A 1960s PLC Gives Up Its Secrets

When it comes to process automation, the go-to part in most industrial settings is a Programmable Logic Controller, or PLC. These specialized computers will have a modern microcontroller running the show, but surprisingly the way they are programmed still has echoes of a time before electronic PLCs when such control would have been electromechanical.

[Thomas Scherrer] has an interesting design to tear down, it’s a Siemens electromechanical motor controller from the early 1960s. It’s not quite the huge banks of relays which would have made a fully-blown PLC back in those times, but it’s a half-way house with some simple programming capability in the form of several channels of adjustable time delay.

We’re partly sad to see this unit being subjected to a destructive teardown, but nevertheless it’s interesting to see all those very period components. The current sensor has a mechanism similar to a moving coil meter, and the four-channel timer is a mechanical sequencer with four adjustable cam-driven switches. We’re not sure we would be cracking open selenium rectifiers with such nonchalance though.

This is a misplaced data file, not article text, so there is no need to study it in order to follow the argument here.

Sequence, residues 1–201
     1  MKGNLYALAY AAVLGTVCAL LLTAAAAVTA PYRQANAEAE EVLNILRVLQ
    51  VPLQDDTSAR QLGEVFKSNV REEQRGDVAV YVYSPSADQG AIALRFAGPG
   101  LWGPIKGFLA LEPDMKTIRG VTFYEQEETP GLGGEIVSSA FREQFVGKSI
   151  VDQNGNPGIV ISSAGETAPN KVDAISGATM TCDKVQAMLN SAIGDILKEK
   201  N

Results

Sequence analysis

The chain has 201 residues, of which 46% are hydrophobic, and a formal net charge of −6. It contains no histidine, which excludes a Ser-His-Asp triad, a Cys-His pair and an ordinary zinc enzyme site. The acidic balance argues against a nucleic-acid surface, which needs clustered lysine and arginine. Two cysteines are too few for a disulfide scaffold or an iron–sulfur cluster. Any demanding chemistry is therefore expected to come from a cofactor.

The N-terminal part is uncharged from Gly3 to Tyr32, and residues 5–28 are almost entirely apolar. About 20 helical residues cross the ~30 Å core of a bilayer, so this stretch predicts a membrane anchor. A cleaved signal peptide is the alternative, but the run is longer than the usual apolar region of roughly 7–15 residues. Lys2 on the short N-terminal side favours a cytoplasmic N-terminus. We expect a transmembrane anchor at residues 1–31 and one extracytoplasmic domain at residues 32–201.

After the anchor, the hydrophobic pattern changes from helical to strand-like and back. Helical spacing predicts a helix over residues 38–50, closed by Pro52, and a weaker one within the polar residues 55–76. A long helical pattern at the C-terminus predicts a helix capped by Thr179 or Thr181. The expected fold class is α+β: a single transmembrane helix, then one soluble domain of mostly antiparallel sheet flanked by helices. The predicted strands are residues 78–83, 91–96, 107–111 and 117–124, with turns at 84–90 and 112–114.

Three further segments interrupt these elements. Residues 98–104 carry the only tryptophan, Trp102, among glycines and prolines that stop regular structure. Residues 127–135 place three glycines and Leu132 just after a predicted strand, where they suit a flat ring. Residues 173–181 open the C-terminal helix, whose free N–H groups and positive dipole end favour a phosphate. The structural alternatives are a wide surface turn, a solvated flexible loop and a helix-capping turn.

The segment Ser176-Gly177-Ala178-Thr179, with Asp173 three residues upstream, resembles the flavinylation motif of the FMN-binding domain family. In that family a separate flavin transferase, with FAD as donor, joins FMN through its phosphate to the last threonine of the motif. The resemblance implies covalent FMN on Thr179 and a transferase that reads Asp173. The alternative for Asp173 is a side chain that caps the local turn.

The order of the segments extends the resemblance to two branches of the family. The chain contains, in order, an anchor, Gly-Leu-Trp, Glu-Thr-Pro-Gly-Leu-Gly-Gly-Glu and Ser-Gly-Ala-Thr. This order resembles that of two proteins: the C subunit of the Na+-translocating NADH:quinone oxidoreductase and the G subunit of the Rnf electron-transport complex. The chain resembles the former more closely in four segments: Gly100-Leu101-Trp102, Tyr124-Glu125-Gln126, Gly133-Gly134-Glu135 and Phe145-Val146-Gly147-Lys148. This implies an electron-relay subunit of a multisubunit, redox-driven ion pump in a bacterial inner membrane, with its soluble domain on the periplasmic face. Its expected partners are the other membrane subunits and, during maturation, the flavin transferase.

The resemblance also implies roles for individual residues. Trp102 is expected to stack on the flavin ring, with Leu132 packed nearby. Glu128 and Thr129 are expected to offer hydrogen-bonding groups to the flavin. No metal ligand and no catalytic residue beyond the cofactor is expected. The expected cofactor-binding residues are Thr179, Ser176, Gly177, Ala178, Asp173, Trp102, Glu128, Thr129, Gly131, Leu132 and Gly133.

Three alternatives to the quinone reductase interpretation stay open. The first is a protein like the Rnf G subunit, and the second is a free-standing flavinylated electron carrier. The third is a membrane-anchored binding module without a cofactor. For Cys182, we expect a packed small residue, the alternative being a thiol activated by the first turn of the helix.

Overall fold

These units were built to a very high quality indeed, and though it’s obvious this one comes from a decommissioned installation it’s not beyond possibility to think there might be some of them still doing their job over six decades after manufacture. Have any of you seen one of these or something like it in operation recently? Let us know in the comments. Meanwhile the video is below the break.

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